I love Woodson dearly, but I made a big mistake. Deep down I think Woodson still loves me, but right now the pain is too much for him. You made him happy once and maybe you can make him happy now.
One final thing, Daphne. I know that you’re spreading my business all over campus, but I have some advice for you: concentrate on your own life, and don’t let my name cross your lips again. Take your fake grief-counselor act somewhere else. I’m out of your life for good. I guess things turned out the way you always wanted.
May 20, 1987
It pains me to write this letter, Niecey, but I feel I must. What on earth were you thinking and how could you bring such shame on our family? Your father and I have worked so hard to establish ourselves in this community and this city. I’m writing this letter because I can’t even bring myself to look at you, let alone speak to you.
After all your father and I have done for you. You never wanted for anything! And now you go out and do this. How in the name of Jesus could you let something like this happen? Didn’t we raise you to know right from wrong? What about all the talks we had about your future? Think about all the money we spent on your debutante ball. All our dreams ruined in one night.
What will I tell my sorors and Links sisters if they ever find out what you’ve done? Have you thought of the shame you brought on me personally? I used to brag about you all the time. Those ladies wanted their daughters to be like you. How can I look those jealous women in the face now? You were an honor student at the University making good grades. You were going to pledge my sorority and come back home and be a shining example for the young women of our church. Now, your father and I look like total fools.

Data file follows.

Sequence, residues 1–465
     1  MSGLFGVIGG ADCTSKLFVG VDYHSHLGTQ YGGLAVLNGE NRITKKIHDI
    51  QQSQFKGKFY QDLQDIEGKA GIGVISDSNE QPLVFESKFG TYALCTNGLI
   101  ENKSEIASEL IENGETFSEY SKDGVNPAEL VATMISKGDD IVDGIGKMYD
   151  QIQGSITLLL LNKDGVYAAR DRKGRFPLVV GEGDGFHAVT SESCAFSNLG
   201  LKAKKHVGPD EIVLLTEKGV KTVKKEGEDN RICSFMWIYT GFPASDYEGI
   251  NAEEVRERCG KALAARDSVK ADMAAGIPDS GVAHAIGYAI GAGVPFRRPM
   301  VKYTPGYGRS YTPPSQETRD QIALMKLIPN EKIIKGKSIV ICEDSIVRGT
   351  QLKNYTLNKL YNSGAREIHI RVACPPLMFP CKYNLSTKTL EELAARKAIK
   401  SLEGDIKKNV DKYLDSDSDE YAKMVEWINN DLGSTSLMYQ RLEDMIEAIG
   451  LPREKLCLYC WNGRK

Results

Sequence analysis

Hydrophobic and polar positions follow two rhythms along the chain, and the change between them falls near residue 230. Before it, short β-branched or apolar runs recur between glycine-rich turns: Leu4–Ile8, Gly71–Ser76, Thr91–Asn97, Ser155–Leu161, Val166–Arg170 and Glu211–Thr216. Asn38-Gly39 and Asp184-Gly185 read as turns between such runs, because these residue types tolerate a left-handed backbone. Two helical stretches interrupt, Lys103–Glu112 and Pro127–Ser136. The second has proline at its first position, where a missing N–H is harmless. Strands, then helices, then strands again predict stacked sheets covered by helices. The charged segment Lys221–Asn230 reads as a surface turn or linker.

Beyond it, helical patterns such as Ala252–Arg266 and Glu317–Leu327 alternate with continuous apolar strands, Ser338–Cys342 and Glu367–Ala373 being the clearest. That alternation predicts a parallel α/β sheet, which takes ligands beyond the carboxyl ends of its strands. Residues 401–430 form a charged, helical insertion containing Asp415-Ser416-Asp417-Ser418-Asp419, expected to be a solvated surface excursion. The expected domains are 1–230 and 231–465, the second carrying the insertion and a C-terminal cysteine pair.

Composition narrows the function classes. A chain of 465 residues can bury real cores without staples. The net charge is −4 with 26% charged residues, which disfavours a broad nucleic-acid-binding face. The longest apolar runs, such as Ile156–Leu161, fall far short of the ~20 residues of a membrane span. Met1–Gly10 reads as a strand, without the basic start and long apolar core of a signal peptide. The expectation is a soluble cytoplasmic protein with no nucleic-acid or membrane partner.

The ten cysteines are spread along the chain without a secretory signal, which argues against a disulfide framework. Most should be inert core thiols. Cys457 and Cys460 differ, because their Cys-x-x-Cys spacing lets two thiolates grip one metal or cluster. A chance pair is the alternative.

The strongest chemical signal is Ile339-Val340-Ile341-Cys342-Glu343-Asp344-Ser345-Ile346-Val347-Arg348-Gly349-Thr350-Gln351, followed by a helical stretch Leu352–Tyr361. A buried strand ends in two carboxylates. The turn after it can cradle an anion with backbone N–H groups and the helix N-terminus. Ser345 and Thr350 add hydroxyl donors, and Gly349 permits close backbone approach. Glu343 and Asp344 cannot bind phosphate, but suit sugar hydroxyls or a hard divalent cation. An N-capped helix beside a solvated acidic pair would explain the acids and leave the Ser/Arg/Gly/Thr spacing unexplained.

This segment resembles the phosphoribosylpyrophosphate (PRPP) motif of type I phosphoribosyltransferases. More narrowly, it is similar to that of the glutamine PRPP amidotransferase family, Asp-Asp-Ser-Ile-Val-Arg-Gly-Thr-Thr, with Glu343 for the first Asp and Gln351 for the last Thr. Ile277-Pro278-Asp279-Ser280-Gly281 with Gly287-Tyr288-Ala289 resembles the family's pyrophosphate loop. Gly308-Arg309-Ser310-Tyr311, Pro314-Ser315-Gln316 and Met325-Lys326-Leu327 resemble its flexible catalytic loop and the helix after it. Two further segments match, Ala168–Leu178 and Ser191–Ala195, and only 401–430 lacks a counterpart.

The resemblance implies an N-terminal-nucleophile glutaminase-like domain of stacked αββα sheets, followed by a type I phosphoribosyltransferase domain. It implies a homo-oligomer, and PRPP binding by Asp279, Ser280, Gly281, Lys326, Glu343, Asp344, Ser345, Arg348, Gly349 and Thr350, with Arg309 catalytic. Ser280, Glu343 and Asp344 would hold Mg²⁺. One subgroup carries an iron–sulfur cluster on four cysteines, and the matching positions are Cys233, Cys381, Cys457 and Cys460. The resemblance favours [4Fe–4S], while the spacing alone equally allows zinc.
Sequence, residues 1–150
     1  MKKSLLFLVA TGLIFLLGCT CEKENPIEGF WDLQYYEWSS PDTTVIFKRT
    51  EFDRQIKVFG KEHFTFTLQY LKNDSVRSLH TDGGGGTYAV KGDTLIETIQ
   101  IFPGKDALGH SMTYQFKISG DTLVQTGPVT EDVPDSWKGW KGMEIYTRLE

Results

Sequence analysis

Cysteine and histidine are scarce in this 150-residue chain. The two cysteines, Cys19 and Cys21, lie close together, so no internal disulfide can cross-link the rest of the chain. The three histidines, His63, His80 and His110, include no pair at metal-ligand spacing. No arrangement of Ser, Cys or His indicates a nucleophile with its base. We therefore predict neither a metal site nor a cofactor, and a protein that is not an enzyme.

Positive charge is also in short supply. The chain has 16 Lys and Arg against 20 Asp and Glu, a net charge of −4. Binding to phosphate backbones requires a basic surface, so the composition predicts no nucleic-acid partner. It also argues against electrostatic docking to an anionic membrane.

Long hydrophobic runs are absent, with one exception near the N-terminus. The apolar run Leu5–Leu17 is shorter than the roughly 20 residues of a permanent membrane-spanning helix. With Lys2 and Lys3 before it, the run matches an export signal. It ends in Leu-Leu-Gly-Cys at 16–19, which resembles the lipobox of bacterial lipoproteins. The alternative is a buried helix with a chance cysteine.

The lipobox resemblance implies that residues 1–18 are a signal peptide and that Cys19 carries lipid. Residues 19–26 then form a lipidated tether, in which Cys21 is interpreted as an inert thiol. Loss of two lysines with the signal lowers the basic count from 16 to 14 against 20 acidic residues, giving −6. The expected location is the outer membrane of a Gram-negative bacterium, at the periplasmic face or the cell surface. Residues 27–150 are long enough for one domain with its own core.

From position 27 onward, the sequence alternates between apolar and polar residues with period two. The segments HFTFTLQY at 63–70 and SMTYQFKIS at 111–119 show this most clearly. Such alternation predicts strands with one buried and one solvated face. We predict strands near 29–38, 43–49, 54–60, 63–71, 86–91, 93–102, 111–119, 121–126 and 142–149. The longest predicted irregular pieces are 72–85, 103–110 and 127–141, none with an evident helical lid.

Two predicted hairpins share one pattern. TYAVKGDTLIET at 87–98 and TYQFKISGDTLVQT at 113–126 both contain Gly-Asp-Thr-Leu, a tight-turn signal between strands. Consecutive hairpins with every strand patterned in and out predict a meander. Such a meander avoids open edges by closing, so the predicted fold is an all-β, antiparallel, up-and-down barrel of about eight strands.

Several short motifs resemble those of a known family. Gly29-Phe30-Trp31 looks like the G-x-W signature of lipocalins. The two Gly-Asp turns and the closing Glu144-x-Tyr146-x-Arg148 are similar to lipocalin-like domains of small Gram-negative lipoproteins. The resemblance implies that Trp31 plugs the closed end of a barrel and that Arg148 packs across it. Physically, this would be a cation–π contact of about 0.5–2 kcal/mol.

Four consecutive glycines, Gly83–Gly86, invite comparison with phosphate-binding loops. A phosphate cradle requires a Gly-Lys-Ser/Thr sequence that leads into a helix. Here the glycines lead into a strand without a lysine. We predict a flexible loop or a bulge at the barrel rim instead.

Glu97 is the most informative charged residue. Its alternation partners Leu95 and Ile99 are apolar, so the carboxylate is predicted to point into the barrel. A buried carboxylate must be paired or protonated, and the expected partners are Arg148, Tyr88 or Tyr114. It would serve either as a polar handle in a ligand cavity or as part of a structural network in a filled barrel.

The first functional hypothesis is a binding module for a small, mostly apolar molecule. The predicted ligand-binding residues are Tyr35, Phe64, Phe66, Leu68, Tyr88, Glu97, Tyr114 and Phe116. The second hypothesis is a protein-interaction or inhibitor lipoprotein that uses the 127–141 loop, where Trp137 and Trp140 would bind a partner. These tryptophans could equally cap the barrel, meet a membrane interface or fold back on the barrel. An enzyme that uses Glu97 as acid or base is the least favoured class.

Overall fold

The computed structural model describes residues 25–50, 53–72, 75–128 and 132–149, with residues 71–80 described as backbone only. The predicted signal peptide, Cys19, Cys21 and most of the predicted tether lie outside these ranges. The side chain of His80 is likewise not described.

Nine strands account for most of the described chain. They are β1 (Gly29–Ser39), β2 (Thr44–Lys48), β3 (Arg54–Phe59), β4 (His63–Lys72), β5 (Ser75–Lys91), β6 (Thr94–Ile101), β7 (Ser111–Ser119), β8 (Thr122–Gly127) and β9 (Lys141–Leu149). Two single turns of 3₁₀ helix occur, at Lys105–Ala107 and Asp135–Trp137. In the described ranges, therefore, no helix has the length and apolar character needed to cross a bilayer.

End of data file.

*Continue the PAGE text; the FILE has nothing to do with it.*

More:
Thank God there is a solution. Take the enclosed check and deposit it immediately into your checking account. Then call Ms. Alberta Hinson at 404-388-6367, she’s expecting to hear from you. She’ll handle everything from there. Follow her instructions, Niecey, and do what you’re told. This is the only way to handle this situation and not bring shame to our family name.
When everything is taken care of, Ms. Hinson will get in contact with me and we’ll decide what to do next. Hopefully, your father will be over his shame and we can accept you back into our family. But only if you do what we’re telling you to do.
This doesn’t mean that we don’t love you. We do. But we have high standards that we learned from our parents and we are not going to let one night ruin them.
Clarice B. Johnson